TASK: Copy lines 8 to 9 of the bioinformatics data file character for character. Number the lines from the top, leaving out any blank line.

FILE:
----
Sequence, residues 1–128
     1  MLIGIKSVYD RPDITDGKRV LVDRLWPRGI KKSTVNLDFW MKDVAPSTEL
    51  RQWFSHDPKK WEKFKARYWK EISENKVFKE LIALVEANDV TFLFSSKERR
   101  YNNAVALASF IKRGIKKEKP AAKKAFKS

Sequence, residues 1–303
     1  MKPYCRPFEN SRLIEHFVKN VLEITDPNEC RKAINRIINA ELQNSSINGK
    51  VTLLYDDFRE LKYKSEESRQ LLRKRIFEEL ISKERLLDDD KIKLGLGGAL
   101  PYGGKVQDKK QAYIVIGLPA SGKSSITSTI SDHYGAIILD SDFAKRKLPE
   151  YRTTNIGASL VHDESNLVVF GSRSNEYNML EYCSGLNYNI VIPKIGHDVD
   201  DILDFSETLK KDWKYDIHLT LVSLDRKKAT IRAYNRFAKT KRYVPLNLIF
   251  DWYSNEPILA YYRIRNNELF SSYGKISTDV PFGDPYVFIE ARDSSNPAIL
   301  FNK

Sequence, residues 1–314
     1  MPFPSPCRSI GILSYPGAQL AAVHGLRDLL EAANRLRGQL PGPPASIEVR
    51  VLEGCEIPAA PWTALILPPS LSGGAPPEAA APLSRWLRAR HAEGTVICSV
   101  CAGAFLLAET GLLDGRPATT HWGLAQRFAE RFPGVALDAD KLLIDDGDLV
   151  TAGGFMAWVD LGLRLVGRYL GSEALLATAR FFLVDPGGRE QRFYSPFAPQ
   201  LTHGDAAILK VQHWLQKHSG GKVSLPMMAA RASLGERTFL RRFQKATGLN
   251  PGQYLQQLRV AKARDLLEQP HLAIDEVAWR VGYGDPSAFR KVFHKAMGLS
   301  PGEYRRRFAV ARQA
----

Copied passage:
   101  PYGGKVQDKK QAYIVIGLPA SGKSSITSTI SDHYGAIILD SDFAKRKLPE
   151  YRTTNIGASL VHDESNLVVF GSRSNEYNML EYCSGLNYNI VIPKIGHDVD